|10-25-2004 10:55 AM|
Found this from 3 weeks ago about, thanks! Just need to bring it back to the forefront to show how important it is that we keep working on these very important issues.
Rules and laws can be changed, but it takes the dedicated effort of all parties to come to the RIGHT conclusion.
There is still more work to be done on this.
|10-08-2004 01:28 AM|
Flytyer, thanks for the heads up on this on-going battle, and I want to use this info as a case in point. There is a reason why we post this information. It only goes to benifit the FISH if we all take just a little time to support some of these causes. This information, the meeting schedules that I have posted over the last few days, are put here to keep you informed and pluged in!
So I encourage you, as the season winds down, and you are left with a little extra time, take up a cause in your local area, to help the Fish!
Join a group, clean up a stream or river bank, take your kids out and show them the intricate eco system at a near by pond, write a letter to a politican in favor of Fish.
I have said it before, if all of us just put in a few hours a couple times a year, it would be a done deal.
I yeild the soapbox
|10-07-2004 05:22 PM|
Snake Dams Court Ruling
I was sure someone else would post about this; but since no one has, it was time to post it. Anyway, I saw the Skagit Valley Herald (www,skagitvalleyherald.com) on Monday, October 4 that a three judge panel of the U.S. 9th Circuit Court of Appeals upheld a ruling of the U.S. District Court in Spokane, WA on the Snake and Columbia River system dams. The Spokane court (and the circuit court agree on appeal) that the Army Corp of Engineers was within the law (including the clean water provisions of the EPA) in how they operate all the dams on the Columbia and Snake Rivers systems.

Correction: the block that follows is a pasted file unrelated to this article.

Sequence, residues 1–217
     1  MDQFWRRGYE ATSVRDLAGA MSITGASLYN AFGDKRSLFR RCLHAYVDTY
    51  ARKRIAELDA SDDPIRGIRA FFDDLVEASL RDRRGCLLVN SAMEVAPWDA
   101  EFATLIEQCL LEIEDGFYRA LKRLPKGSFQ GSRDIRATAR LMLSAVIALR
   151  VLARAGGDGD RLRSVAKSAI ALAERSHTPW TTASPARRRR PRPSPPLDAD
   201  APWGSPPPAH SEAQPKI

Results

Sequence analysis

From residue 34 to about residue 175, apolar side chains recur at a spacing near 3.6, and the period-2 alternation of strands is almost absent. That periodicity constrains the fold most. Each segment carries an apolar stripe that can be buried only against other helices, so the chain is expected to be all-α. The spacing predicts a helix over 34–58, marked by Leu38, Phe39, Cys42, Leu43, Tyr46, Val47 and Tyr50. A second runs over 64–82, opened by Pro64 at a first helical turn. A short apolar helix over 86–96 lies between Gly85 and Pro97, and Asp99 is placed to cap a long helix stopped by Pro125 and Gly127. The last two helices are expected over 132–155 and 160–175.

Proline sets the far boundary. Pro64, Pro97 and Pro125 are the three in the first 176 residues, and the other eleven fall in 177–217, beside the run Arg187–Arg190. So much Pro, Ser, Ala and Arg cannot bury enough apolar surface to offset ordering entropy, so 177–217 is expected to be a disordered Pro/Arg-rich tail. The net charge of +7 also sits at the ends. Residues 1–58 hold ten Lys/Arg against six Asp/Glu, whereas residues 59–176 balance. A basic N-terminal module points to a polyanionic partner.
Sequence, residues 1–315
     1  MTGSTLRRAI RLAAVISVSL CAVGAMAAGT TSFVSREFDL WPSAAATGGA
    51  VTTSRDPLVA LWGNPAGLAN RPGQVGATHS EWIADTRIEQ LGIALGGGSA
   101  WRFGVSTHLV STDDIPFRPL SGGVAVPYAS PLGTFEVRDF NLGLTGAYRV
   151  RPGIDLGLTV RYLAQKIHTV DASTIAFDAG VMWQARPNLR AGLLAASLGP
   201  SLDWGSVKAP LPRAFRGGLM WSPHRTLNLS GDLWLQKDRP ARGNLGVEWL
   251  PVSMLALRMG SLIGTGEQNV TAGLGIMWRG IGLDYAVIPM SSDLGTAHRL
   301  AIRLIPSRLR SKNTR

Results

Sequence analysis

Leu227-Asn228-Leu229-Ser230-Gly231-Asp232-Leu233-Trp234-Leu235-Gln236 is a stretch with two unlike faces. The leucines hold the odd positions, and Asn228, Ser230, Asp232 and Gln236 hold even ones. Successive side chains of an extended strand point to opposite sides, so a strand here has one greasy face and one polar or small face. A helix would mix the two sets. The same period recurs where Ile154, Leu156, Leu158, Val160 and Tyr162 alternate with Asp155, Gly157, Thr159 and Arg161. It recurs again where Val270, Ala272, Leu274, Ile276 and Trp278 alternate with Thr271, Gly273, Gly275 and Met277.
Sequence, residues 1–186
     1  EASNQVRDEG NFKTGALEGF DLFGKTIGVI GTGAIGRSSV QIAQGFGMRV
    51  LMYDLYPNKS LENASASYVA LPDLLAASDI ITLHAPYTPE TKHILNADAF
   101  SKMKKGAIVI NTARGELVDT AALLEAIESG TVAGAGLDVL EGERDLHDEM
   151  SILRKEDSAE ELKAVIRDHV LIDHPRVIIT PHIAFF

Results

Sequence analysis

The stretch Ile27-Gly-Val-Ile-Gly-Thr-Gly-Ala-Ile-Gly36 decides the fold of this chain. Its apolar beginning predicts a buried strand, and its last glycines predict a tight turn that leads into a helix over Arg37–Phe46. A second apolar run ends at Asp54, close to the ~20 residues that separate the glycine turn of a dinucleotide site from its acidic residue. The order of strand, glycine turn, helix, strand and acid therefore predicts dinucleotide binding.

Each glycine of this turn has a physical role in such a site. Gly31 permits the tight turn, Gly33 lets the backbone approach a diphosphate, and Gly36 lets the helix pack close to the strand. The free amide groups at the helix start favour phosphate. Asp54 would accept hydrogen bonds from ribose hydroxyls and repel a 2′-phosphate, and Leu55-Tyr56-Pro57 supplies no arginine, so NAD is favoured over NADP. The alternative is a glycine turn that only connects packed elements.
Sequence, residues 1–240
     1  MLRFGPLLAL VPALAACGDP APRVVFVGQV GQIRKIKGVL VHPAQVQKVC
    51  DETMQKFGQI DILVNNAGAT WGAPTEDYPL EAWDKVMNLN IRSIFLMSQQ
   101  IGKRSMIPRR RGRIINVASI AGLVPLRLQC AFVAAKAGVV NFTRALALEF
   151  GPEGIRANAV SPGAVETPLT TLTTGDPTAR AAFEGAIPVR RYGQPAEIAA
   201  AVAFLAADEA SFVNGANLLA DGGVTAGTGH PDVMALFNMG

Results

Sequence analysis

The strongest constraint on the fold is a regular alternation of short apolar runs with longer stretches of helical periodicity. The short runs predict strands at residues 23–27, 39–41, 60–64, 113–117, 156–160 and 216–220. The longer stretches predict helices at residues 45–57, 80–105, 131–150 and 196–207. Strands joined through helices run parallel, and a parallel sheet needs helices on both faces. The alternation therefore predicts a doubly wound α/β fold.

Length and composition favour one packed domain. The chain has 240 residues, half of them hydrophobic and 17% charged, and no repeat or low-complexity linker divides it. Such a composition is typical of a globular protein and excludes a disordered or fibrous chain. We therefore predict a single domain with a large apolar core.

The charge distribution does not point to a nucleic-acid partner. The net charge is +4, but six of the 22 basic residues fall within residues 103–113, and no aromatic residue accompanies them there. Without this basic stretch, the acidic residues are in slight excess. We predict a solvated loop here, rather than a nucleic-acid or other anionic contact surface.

This means that the Columbia, Snake, Clearwater, etc. dams can operate as they have been without needing to maximize water releases for anadromous fish.
Those of you who have been following this, know that Judge Redden cited this Spokane U.S. district Court ruling in his ordering NOAA-Fisheries to rewrite the Columbia Basin Salmon Recovery Plan as one of the reasons NOAA-Fisheries had to rewrite the plan.
This ruling by the three judge panel of the 9th Circuit Court also means that the Snake River dams will not be coming out or breached in the foreseeable future. This is because the court found they did not violate clean water regulations of the EPA and therefore could not be said with any certainty to cause a decline in the populations of salmon or steelhead.
This latest ruling means that so far this year: the fish have lost this one, fish won in the Sacramento River steelhead cast, fish won in the Methow Valley irragation case, the Columbia Basin Salmon Recovery case has produced no change in how anadromous fish are managed so far, and the Oregon Coastal coho case has ordered NOAA-Fisheries to not include hatchery coho in an ESU if the hatchery coho are not going to be included in deciding if wild coho need ESA protective listing. The tally fish=2, dam operators=1, and fish managers forced to change how ESU is determined=1. It sure has been a busy year for the courts.